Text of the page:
Intervention Benefit and Benefit-Cost Ratios

Two studies from the United States and seven studies from outside of the United States estimated the economic benefits because of the intervention. The economic review considered the drivers of economic benefits to be reductions in automobile use, pedestrian and bicyclist injuries and fatalities, school busing, private cost of travel time for parents, pollution, congestion, and greenhouse gases, and averted healthcare costs due to increased physical activity.

The two U.S. studies modeled benefits from observed reductions in injuries and fatalities and observed increases in walking and bicycling; their estimates were assessed to be of fair quality. The study from Japan estimated intervention benefit based on community residents’ willingness to pay; the estimate was assessed to be of fair quality. Two of the Australian studies modeled reductions in healthcare cost and DALY averted due to averted obesity; these estimates were assessed to be of limited quality and were excluded from further consideration. The remaining four studies, all from outside the United States, reported economic benefits that were modeled from observed increases in walking and bicycling and resulting reductions in use of private automobiles and other motorized transport, pollution, congestion, and greenhouse gas emissions, traffic-related injuries and fatalities, and healthcare costs. These estimates were assessed to be of good quality.

One study estimated the benefit to cost ratios for SRTS programs in the United States were 0.74:1.0 (1 year horizon) and 1.46 (2 year horizon). The second U.S study estimated a ratio of 1.74:1.0 (2 year horizon). The two estimates were assessed to be of fair quality. Estimated benefit to cost ratios from the five remaining studies were all greater than 1.0, with a median of 5.2:1.0 over a median time horizon of 10 years. One estimate received a good quality assessment; the remaining four were assessed to be of fair quality.

Related Reviews and Recommendations

Safe Routes to School programs meet CDC’s High-Impact in 5 years External Web Site Icon criteria based on an assessment of effectiveness in increasing active travel for school and a determination of economic value based on reductions in pedestrian and bicycle injury rates. County Health Rankings External Web Site Icon identifies Safe Routes to School programs as being scientifically supported on the basis of evidence demonstrating increases in active travel to school and reductions in injuries.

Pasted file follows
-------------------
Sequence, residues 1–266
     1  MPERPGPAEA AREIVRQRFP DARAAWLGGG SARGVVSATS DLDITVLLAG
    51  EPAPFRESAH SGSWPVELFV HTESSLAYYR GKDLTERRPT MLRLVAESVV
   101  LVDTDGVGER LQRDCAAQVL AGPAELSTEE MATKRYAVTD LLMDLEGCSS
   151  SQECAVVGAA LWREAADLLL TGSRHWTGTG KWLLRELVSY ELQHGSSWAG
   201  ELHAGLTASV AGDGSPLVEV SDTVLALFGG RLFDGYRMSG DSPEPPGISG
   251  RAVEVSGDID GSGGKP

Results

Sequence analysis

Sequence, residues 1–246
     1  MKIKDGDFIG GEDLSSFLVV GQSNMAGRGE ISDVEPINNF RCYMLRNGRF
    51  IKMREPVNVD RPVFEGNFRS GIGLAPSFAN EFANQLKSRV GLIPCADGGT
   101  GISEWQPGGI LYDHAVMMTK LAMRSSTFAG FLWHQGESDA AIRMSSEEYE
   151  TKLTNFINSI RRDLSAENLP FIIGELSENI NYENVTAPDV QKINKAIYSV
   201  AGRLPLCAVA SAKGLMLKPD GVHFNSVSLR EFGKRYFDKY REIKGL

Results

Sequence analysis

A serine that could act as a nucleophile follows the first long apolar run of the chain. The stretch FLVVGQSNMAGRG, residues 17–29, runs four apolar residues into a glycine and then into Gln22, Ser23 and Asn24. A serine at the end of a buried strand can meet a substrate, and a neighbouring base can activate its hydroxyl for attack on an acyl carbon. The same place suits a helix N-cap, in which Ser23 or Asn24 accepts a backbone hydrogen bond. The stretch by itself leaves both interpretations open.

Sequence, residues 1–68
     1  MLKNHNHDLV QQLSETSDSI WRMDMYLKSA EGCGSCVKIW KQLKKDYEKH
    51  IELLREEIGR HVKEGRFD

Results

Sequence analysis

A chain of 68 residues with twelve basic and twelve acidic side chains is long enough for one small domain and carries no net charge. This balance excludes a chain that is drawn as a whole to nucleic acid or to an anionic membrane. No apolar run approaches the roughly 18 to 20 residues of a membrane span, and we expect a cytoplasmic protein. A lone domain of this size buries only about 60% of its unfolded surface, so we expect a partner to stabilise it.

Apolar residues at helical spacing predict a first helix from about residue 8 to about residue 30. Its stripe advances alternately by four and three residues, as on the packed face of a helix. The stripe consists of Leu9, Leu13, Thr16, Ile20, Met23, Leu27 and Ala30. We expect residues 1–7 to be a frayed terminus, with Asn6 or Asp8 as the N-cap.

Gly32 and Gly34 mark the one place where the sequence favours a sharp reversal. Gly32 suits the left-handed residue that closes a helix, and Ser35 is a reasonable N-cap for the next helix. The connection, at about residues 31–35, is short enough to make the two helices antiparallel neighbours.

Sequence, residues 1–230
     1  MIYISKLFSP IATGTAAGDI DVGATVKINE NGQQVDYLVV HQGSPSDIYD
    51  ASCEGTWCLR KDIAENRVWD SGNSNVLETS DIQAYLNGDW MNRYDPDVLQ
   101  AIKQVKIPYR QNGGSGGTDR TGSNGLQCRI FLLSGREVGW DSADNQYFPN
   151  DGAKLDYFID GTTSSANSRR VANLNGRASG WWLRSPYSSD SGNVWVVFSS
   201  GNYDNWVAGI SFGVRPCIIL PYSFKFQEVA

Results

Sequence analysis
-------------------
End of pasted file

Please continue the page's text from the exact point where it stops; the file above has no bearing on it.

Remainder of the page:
Three recent, external systematic reviews examined the effectiveness of active travel to school interventions or the quality of evidence published since the Chillon et al. review in 2010 (Pang et al. 2107, Larouche et al. 2018, Villa-Gonzalez et al. 2018). Findings from all three reviews were similar, noting heterogeneity in study designs, intervention activities, and target communities, and modest impacts on rates of active travel for school. Each review provided an agenda for future research to strengthen the evidence base.

Considerations for Implementation

Intervention implementation in the United States has been driven largely by available federal and state funding for Safe Routes to School programs. Although the overall results do not provide clear guidance on differential effectiveness of specific intervention components or combinations of components, the subset of studies evaluating SRTS programs provide large-scale, real-world evidence on effectiveness applicable to most U.S. communities and populations. SRTS programs emphasize the selection of components to address school and neighborhood-specific barriers to active travel. Implementation guidance is available through several organizations:

Additional implementation guidance and technical assistance may be available from state and local SRTS programs (for example: http://www.fdot.gov/Safety/2A-Programs/Safe-Routes.shtm External Web Site Icon; http://www.dot.ca.gov/hq/LocalPrograms/saferoutes/sr2s.htm External Web Site Icon; multi-state: https://www.fhwa.dot.gov/environment/safe_routes_to_school External Web Site Icon)

Guidance is also available for settings and populations with additional barriers to program implementation or participation (e.g., community concerns about bullying or crime).

Low-income communities and schools in rural areas also have unique barriers to participation. The following resources provide information to help program planners identify and address some of these barriers.